If you weren’t one of the 66,000 people who paid anywhere from $50-$75 to watch the livestream of the wedding between Jake Paul and Tana Mongeau earlier this week — or even if you have no idea who they are — there’s still a pretty good chance you caught some of the less-than-glowing press coverage that followed. There was so much backlash partly because of why these two are famous to begin with: Jake Paul is Logan Paul’s brother, and a YouTube star in his own right, while Mongeau dated Bella Thorne and got her own MTV show, No Filter: Tana Turns 21, about…being a celebrity Youtuber.
Paul and Mongeau have only been dating (or at least saying they’re dating) since April, so their engagement, announced last month, was greeted with lots of skepticism. The resulting wedding, a cheaply sponsored affair featuring Oprah and Bruno Mars impersonators and culminating with a big fight, did nothing to dispel widespread feelings that this was all a publicity stunt designed to promote Mongeau’s show. (Even Logan Paul described his brother’s wedding as “pre-emptive,” which he seemed to think means premature).
Of course, some onlookers are merely annoyed because they suspect that being a YouTube star and getting on reality TV are scams requiring little talent. (See Tanacon.) But the chatter about the faux wedding — and its role in promoting Mongeau’s show — arguably also speaks to bigger questions and gendered anxieties about the ongoing intertwinement of fame, commerce, and identity.
Announcing significant life events on social media is commonplace now. And yet as people (mostly women) of varying levels of celebrity collaborate with brands to monetize their engagements, pregnancy announcements and weddings, mini-backlashes occasionally erupt. (The staged engagement of influencer and blindingly white Goop employee Marissa Fuchs — which her boyfriend had pitched to potential sponsors months in advance — allegedly got her exiled from the industry for tackiness.)
These controversies, however, predate influencers and social media. There have been arguments about the inauthenticity of celebrity weddings since at least the era of old Hollywood and Liz Taylor. Moralistic reactions to suspected stunt weddings, which seem to coalesce at moments when the entertainment industry and cultural mores are dramatically changing, tell us as much about ourselves as they do about the celebrities — usually women — who become the objects of public outrage.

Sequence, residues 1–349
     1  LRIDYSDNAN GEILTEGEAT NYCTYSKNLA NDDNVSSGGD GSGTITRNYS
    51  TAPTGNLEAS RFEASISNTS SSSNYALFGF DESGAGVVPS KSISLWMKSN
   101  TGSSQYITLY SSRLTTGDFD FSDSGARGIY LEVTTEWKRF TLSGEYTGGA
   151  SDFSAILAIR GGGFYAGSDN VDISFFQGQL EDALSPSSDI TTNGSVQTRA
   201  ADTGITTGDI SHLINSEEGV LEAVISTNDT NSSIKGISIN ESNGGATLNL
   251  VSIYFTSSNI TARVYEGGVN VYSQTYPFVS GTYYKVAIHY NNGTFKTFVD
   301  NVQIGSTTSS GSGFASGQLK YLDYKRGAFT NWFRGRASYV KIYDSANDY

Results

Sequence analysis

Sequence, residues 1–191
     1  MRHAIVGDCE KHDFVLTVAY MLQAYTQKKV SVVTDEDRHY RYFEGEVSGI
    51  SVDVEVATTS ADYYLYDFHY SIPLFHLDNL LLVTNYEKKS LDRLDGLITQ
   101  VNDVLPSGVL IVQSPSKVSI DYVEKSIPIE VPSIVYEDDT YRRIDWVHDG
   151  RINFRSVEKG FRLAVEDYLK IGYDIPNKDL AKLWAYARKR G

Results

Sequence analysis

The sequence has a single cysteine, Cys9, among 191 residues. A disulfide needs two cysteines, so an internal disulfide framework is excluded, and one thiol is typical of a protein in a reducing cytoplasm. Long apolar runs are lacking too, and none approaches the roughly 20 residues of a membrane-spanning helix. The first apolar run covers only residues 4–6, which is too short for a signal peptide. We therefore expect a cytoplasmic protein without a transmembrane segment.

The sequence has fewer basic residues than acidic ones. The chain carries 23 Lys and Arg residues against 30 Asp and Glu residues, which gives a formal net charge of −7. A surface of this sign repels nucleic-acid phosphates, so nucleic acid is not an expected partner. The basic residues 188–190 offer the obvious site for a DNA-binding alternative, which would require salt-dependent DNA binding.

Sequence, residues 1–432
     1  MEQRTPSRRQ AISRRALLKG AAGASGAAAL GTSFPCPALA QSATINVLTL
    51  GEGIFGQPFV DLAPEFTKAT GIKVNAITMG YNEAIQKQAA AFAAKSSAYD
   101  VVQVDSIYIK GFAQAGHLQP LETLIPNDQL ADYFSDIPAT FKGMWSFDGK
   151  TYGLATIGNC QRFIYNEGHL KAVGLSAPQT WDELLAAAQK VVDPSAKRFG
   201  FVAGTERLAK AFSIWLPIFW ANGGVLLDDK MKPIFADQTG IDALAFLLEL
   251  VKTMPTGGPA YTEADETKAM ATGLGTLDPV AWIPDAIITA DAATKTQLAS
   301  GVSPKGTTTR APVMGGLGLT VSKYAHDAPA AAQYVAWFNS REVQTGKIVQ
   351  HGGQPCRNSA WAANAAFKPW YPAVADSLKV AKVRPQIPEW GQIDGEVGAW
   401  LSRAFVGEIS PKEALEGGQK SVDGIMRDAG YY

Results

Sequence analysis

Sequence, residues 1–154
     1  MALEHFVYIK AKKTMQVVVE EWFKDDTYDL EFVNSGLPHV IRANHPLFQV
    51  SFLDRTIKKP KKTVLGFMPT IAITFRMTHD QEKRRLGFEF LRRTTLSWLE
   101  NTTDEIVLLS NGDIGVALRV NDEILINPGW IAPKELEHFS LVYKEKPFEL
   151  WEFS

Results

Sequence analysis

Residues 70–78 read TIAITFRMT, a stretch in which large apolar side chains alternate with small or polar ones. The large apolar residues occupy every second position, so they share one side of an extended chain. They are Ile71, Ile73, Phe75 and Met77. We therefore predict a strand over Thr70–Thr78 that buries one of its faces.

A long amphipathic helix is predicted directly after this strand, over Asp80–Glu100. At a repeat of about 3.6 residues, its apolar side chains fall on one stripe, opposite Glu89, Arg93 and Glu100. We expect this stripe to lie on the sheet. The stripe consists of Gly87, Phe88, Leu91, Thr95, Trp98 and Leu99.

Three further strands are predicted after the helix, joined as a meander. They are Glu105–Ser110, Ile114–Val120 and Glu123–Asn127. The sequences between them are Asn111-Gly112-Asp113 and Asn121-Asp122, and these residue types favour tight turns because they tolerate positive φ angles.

Ultimately, all weddings are for show: They’re often-flamboyant displays of — historically — heterosexuality, involving men and women. Yet negative reactions to high-profile weddings that the public sees (for whatever reason) as stunts have tended to be directed more at women than at the men they’re marrying. Weddings are still culturally understood to be women’s business, as the figure of the Bridezilla — the engine of so many episodes of reality television — makes clear.
Long before reality television, Elizabeth Taylor, often described as a pioneer of modern celebrity, became as famous for her marriages as she was for her movies. Arguably her most famous marriage moment was her “stealing” Eddie Fisher from Debbie Reynolds. But her first marriage, in 1950 at age 18, was equally controversial and was one of the first “stunt” weddings.
Moralistic reactions to suspected stunt weddings tell us as much about ourselves as they do about the celebrities — usually women — who become the objects of public outrage.
In a twist that speaks to our reality TV moment, Taylor married Paris Hilton’s great-uncle “Nicky” Hilton, Jr., a famous socialite playboy. She and executives at MGM used the wedding, which took place in Beverly Hills, to promote her role in Father of the Bride; the studio even paid for the $3500 dress. But after just about six months of marriage she filed for divorce, at a time when divorce was still heavily stigmatized.
Taylor withstood a massive public backlash; Photoplay magazine blamed her for the marriage’s demise, and chastised her in the breathlessly moralistic — and misogynist — language of fan magazines, describing her as “willful, flighty and headstrong.” They also scolded her for stepping out at an event with a famous director: “With the rift from Nicky so new, she should have stayed at home, preferably weeping.” (She later called her decision to marry “naive.”)
In retrospect, the backlash against Taylor spoke to the way she was not just an actor, but a celebrity who — like Kim Kardashian and, um, Mongeau nowadays — blurred the boundaries between commercial and “sacred” spheres that women above all were meant to keep private.
Kim Kardashian, who has sometimes playfully evoked Taylor’s wedding iconography in her social media, found herself in a similar situation when her massively orchestrated 2010 marriage to Kris Humphries came apart after only 72 days of living together. It’s easy to forget, in the aftermath of so many other Kardashian controversies since, but the Kardashian wedding stunt was touted as one of the ultimate examples of celebrity fakeness.
A petition asking E! to take the show off the air got thousands of signatures. “We feel these shows are mostly staged and place an emphasis on vanity, greed, promiscuity, vulgarity, and over-the-top conspicuous consumption,” wrote the petition creator. In a piece about the frivolity of the news cycle, Frank Bruni jokingly described Kardashian as “the nation’s poster girl for old-fashioned virtues,” and faux-chastised her for bringing “something less than steadfast and humble commitment to her marriage.” (He made no such comments about Humphries).